Brenda Gonzales, SCN, took on a new ministry during a worldwide pandemic.

I saw each class once before it was closed due to the coronavirus, she said.

Sister Brenda’s volunteer work in Texas also halted due to the virus.

Once back in Louisville, she joined Doors to Hope outgoing administrator Lorena Miller for an orientation. Sister Brenda then tried to figure out how to meet the needs of the students, especially during on-line learning. The students weren’t allowed in their schools and they weren’t allowed into Doors to Hope.

Sister Brenda found the What’s App social media app to be useful in reaching the families served by Doors to Hope. She worked with other organizations to ensure basic needs were met including food, utilities and rent.

“We were able to financially help 11 families,” she said. She helped these families get back to work. Many had been let go due to the virus with no plans on when they would be re-hired.

One student’s father tested positive with Covid-19. With many of her families living in close quarter, it is difficult to isolate. Sister Brenda found two easily accessible sites with drive-thru testing at Americana Apartments and at St. Rita parish.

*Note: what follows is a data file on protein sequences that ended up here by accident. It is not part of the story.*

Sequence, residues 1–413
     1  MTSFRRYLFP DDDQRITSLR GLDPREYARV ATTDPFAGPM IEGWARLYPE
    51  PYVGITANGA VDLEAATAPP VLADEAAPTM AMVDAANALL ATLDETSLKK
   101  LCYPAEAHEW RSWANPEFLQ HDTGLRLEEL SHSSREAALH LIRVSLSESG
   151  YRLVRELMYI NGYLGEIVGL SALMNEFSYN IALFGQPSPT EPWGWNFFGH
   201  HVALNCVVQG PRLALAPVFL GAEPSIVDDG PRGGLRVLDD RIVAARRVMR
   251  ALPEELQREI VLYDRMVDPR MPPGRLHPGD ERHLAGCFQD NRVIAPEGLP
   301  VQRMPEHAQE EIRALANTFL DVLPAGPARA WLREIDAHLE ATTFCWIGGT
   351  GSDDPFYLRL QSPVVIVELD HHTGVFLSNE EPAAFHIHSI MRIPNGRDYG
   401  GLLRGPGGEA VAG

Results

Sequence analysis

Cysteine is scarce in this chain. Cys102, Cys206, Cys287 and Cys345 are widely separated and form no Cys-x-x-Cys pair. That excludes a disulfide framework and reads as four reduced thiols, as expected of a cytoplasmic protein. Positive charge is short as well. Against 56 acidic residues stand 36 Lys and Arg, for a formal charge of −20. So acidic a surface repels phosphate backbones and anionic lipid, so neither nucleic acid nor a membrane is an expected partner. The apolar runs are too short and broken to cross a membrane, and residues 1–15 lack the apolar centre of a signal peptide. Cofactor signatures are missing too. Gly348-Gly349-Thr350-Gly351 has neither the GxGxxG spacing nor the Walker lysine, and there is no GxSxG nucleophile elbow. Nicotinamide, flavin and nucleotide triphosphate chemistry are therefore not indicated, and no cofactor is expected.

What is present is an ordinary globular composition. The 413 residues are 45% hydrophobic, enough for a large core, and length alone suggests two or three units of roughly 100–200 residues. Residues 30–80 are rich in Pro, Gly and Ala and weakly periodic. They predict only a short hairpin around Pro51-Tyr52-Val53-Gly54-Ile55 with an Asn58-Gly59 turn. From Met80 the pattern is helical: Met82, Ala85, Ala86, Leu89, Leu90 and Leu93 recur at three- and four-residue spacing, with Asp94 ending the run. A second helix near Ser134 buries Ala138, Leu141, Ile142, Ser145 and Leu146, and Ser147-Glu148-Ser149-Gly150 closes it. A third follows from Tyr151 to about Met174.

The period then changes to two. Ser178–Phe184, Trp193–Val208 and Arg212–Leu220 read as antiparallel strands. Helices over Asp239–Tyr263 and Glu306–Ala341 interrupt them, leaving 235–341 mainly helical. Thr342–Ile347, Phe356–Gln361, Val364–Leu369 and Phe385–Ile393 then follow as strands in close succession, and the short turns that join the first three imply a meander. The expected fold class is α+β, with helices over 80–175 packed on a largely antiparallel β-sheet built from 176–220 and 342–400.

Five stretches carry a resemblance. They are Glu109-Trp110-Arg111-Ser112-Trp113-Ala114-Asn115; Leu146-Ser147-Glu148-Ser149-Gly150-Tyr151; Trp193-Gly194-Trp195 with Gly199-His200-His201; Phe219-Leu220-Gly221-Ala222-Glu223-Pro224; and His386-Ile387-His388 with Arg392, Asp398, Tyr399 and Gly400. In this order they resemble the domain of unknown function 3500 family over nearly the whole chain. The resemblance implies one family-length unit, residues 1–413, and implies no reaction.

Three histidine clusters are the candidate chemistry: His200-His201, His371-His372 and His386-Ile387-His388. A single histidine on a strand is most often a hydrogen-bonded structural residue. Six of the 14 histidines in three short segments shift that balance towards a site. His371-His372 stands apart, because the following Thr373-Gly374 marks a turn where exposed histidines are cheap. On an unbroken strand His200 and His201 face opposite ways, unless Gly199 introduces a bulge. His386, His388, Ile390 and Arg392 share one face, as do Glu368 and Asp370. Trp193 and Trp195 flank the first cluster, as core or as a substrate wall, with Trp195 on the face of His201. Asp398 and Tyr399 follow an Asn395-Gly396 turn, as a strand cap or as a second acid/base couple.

In addition to What’s App, Sister Brenda and her staff circulated flyers to inform those in the immigrant community about services offered.

The coronavirus has cancelled Doors to Hope’s summer program and Fiesta de Sol, its summer fundraising event held in June. Doors to Hope staff is attending webinars about how to re-open. Sister Brenda just recently took a walk through the space to plan for what is possible with social distancing. They do have masks, hand sanitizer and Clorox wipes.

Sister Brenda, her staff and interns are looking into getting grants for Chromebooks and for some small tutoring groups. They are also reaching out to teachers who may provide some connection and assistance.

“We are fearful that our students fell behind in the last few months of online school,” she said.

She hopes to have students involved in some online activities. Two Doors to Hope interns from the University of Louisville are helping with providing services. The small staff that runs Doors to Hope continue to meet for weekly staff meetings.

“It’s been a bit overwhelming but we’ve been able to figure things out,” she said. “The families seem to be appreciative that we continue to keep up with them weekly. We continue to address their needs. The original mission is a bit askew right now but we are meeting the needs.”